Carl G. Jung:
Archetypes and the Collective Unconscious
From the dawn of humanity we have lived in a world of symbolism. Our symbols explain the world around us, our relationships with each other and our relationship to the universe. These symbols, these essences of pure being, are the primordial qualities of the truly real. In Plato’s cave light casts shadows on a wall. The world that we know is merely a shadow. The reality behind the shadows is the eternal forms, the essences, the archetypes. Freud’s younger colleague, Carl Jung took Freud’s idea of the unconscious mind a step further. He conceived of a collective unconscious which consists of the eternal forms, and is the instinct and inheritance of all humanity. This collective unconscious provides us with our symbolism, our hope, our meaning, and our connection to the truly real. Some of the primary archetypes discussed by Jung are Shadow, Trickster, Anima, Animus, Great Mother, Wise Old Man, Child, Transformation, Mandala and individuation of Self.
Jung’s theory of personality involves three levels of consciousness. The first level of consciousness is the ego. The ego is the part of the psyche where all conscious thought occurs. The ego is the mediator for the whole psyche but is not the totality of the psyche. The personal unconscious consists of things in a person’s psyche that are not conscious but can come into consciousness. The personal unconscious consists of personal experiences. The collective unconscious consists of the part of the psyche that is never conscious and has no basis in experience. It is collective because it consists of the part of the unconscious that is not individual, but universal. This is the place of universal symbols and archetypes.
While John Locke said we do not come into the world with any inborn traits, Carl Jung disagrees. The collective unconscious according to Jung is an inborn instinct which all of humanity shares. “Personal unconscious rests upon a deeper layer, which does not derive from personal experience and is not a personal acquisition but is inborn. I call this the collective unconscious. I have chosen the term “collective” because this part of the unconscious is not individual but universal; in contrast to the personal psyche, it has contents and modes of behavior that are more or less the same everywhere and in all individuals. It is, in other words, identical in all men and thus constitutes a common psychic substrate of a suprapersonal nature which is present in every one of us.” Jung.
“Archetype is an explanatory paraphrase of the Platonic eidos (form).” Jung. Plato’s forms, or Ideas, are eternal and unchanging. Everything from a rock to a tree, to beauty and justice, has an eternal unchanging form that are reflected into the changeable world that we know. Forms are aspatial and atemporal. They do not exist in time and space. They are the perfect and primary realities of all representations. “Now if for us the will is the thing-in-itself, and the Idea is the immediate objectivity of the will at a definite grade, then we find Kant’s thing-in-itself and Plato’s Idea, for him the only “truly being” those two great and obscure paradoxes of the two greatest philosophers of the West-to be, not exactly identical, but yet very closely related.” Schopenhauer.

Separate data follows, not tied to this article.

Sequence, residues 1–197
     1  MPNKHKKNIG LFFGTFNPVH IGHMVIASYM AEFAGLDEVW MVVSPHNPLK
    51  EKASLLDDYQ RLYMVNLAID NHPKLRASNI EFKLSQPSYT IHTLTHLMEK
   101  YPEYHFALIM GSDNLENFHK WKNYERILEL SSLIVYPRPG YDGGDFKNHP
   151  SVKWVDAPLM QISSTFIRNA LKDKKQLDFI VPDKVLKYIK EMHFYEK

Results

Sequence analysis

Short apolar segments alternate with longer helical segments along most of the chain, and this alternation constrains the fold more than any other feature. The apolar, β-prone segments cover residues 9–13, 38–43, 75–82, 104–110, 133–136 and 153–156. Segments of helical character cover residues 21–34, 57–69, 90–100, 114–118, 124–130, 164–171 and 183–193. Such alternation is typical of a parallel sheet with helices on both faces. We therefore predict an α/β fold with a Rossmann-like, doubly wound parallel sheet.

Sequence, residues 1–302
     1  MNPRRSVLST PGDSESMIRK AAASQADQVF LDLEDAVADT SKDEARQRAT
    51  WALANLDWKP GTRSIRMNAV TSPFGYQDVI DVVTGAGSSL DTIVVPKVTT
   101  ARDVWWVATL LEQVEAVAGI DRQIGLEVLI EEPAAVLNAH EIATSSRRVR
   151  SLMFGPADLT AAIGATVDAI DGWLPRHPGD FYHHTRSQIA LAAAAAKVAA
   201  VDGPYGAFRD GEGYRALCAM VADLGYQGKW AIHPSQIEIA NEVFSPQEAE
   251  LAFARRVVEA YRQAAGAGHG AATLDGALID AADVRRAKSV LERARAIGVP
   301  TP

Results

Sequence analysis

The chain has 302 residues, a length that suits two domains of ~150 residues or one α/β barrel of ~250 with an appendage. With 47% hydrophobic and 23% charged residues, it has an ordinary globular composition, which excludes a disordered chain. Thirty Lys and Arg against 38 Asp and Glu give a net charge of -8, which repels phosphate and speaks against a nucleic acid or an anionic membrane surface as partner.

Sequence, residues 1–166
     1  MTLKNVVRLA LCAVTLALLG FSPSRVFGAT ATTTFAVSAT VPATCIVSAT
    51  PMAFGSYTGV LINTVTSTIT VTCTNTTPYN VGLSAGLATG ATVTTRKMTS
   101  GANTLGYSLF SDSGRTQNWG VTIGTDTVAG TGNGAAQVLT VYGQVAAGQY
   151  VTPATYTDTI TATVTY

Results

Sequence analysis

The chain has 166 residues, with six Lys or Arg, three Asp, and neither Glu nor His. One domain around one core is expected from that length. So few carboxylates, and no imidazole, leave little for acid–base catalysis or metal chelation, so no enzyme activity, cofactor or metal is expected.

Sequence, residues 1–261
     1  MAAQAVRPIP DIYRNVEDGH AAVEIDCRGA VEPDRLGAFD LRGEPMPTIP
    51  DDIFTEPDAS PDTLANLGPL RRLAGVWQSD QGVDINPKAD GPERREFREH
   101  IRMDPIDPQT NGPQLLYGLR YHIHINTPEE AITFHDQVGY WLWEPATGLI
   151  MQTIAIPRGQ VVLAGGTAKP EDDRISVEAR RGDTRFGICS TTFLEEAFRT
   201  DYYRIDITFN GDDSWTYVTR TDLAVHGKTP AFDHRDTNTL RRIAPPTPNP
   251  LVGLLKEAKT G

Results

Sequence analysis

Jung’s concern was in the definition and expression of these archetypes. As a psychiatrist he was a thinker who was founded in the here and now of life and the study of the human psyche. He sought to understand the role these forms play in our consciousness. He had and inexhaustible knowledge of mythology and traveled the world in search of the connections of tribal and traditional lore. Through this study he found several prominent themes. In his book “The Archetypes and the Collective Unconscious” he outlines his most important discoveries. These themes are: the shadow, the trickster, anima and animus, the great mother, the wise old man, rebirth or transformation, the child, and the mandala which is the center point of existence and the goal of the process of individuation of Self.
Archetypes express themselves through the unconscious as instinctive trends which create corresponding thought forms. The archetypes have their own energy and their own plan. In an individual psyche they can either produce meaningful symbolism or interfere with their characteristic desires and thought formations. They function like complexes which are transient to the personality and modify or obstruct the conscious psyche in negative ways. Personal complexes produce personal disposition. Social complexes create myths, religions, and philosophies that influence and characterize whole countries and eras in history. These social complexes are humanities explanation for the suffering of hunger, war, disease, and death.